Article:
Pedestrians wearing face masks outside Flinders Street Station, Melbourne, Australia, as the city operates under lockdown restrictions to curb the spread of the coronavirus disease on August 3 2020. Picture: AAP IMAGE/JAMES ROSS VIA REUTERS
Pedestrians wearing face masks outside Flinders Street Station, Melbourne, Australia, as the city operates under lockdown restrictions to curb the spread of the coronavirus disease on August 3 2020. Picture: AAP IMAGE/JAMES ROSS VIA REUTERS

Sydney/Canberra — Australia’s Victoria state will shut down large parts of its retail and manufacturing sectors for six weeks across the city of Melbourne after a lockdown failed to contain a spike in coronavirus cases.

Premier Daniel Andrews on Monday also announced that construction firms must radically reduce the number of workers on site across the city, while production at meatworks statewide will be cut by a third. Essential services such as banks, supermarkets, pharmacies and petrol stations will remain open, he said.

“This will have a very significant impact” on the economy, Andrews said. “But until we fix the health problem, until we get these case numbers down to a much, much lower level, we simply cannot open the economy up again. So there is significant damage that needs to be done.”

The outbreak in Australia’s second-most populous state shows no signs of abating, three weeks after Melbourne’s five-million residents were ordered to stay home except for work, medical care, provisions or exercise. On Sunday, the government said the lockdown would be widened to cover the whole state, while Melbourne was placed under a six-week curfew between 8pm and 5am.

Andrews told reporters Monday the state recorded 429 new cases and 13 more deaths in the past 24 hours.

The tighter restrictions threaten to exacerbate Australia’s first recession in almost 30 years. Victoria contributes about one-quarter of GDP, but is now isolated from the rest of the country as other states shut their borders against the worrying spike in community transmission.

Australia’s treasurer, Josh Frydenberg, said earlier on Monday the economy faces another significant hit from the extended lockdown and restrictions on workplaces.

“This is a massive kick in the guts to Victorian businesses,” Frydenberg told Sky News. Treasury had previously estimated a six-week Melbourne lockdown would cost the economy A$3.3bn ($2.4bn) in the September quarter.

Consumer discretionary stocks extended losses following the announcement.

Addressing the media in Melbourne, Andrews said grocery and liquor stores, news agencies and post offices would also remain open and urged against panic buying. Retailers that have an on-line, click and collect facility could continue to operate, he said.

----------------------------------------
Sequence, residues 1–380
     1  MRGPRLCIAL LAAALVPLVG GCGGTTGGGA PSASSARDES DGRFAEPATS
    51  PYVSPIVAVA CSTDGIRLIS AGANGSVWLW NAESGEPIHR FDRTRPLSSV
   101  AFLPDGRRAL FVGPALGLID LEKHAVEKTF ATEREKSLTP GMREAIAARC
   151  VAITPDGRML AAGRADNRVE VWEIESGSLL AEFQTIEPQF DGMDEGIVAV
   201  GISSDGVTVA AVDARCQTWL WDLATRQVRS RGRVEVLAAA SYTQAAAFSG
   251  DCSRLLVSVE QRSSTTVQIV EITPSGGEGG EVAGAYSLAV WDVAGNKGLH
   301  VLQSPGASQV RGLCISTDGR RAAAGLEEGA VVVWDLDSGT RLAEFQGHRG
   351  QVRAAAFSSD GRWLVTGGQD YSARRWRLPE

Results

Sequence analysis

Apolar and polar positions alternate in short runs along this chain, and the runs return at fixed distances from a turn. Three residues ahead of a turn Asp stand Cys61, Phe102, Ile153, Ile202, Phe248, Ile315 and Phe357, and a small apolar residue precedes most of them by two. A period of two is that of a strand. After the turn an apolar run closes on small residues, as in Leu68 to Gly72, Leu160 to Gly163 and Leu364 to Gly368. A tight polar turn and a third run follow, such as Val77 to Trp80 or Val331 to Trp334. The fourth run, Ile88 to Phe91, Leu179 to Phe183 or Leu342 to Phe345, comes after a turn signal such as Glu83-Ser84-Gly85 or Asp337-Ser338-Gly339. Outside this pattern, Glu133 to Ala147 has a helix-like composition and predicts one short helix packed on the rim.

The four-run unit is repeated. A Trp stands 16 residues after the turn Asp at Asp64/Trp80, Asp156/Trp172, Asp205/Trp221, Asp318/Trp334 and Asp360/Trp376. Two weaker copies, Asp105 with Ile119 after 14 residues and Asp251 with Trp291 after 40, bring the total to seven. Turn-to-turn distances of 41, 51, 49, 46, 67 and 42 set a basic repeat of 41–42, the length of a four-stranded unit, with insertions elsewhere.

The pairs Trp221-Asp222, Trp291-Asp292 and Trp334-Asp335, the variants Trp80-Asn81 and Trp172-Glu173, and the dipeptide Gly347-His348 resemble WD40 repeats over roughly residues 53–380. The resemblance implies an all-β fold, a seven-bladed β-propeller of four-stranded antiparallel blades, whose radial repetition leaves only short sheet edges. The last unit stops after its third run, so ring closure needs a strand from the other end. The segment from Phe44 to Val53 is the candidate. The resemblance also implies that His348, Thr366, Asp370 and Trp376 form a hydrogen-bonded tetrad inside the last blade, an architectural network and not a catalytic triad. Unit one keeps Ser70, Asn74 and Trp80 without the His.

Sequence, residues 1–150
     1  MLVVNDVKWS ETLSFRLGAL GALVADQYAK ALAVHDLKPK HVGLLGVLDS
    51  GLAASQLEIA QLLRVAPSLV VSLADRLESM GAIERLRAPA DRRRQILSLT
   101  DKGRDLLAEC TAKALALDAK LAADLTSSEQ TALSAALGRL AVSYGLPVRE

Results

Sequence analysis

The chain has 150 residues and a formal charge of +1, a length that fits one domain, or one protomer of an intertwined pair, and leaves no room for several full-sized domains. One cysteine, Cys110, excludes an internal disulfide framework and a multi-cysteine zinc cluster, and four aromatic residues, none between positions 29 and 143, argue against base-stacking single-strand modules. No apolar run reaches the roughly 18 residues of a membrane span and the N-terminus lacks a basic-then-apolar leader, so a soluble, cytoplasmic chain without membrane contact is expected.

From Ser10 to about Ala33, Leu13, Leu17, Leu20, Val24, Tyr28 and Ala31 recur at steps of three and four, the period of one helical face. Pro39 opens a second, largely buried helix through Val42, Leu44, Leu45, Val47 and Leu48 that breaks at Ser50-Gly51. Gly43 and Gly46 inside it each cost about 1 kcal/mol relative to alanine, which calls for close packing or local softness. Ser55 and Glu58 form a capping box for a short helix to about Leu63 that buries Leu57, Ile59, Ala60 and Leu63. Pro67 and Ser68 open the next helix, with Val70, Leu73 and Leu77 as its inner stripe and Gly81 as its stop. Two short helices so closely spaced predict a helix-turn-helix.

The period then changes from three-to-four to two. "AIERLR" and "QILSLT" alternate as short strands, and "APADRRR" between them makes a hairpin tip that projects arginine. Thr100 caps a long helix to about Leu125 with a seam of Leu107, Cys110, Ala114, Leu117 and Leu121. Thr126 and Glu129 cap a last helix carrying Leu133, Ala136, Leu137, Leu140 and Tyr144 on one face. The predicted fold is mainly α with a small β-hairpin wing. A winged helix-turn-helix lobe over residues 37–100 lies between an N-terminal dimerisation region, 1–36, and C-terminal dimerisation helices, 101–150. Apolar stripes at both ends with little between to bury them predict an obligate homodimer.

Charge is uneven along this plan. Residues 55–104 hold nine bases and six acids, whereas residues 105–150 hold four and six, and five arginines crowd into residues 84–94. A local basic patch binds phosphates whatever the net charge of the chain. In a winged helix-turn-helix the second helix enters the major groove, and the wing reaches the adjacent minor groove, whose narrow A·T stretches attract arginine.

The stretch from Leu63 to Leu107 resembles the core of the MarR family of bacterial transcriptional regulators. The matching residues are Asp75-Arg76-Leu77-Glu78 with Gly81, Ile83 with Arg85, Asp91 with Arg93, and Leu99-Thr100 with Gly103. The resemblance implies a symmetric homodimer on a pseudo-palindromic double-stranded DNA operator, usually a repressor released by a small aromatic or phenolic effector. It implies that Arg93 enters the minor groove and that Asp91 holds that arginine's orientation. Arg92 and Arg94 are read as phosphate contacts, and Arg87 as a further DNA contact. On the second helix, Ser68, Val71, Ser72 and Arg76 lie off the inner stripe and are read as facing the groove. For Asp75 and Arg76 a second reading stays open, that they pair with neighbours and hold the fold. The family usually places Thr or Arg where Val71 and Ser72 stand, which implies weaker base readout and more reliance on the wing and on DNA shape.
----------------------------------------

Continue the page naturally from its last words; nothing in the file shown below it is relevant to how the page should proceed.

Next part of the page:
Large-scale public construction projects have already halved their workforce and commercial sites for buildings above three storeys must cap the number of employees at 25%. Only five people will be allowed at any one time on residential construction sites.

Andrews said further announcements would be made in the next few days as consultation with industry groups continues.

Schools across the state will move to remote learning from Wednesday, while childcare centres in Melbourne will close to all but essential workers from Thursday.

Separately, New South Wales — the nation’s most populous state — recorded another 13 cases Monday. Premier Gladys Berejiklian said she was “strongly encouraging” residents to wear masks in certain situations, such as supermarkets and places of worship.

“I want to stress it’s not compulsory, but it is a strong recommendation,” Berejiklian told reporters. “I can’t stress enough how critical the next few weeks are,” adding she was taking extra measures due to the state’s geographical proximity to Victoria.

Australia’s first lockdown that lasted roughly from March to May was one of the most successful in the world, bringing down cases to just a handful a day nationwide. But security failures at quarantine hotels for returning travellers and poor communication of critical information to migrant communities allowed the virus to roar back in Victoria.

With those unable to work from home not willing to sacrifice wages, and people losing patience with physical isolation, many no longer seem willing to fully follow the rules as the economic and social costs mount.

Bloomberg

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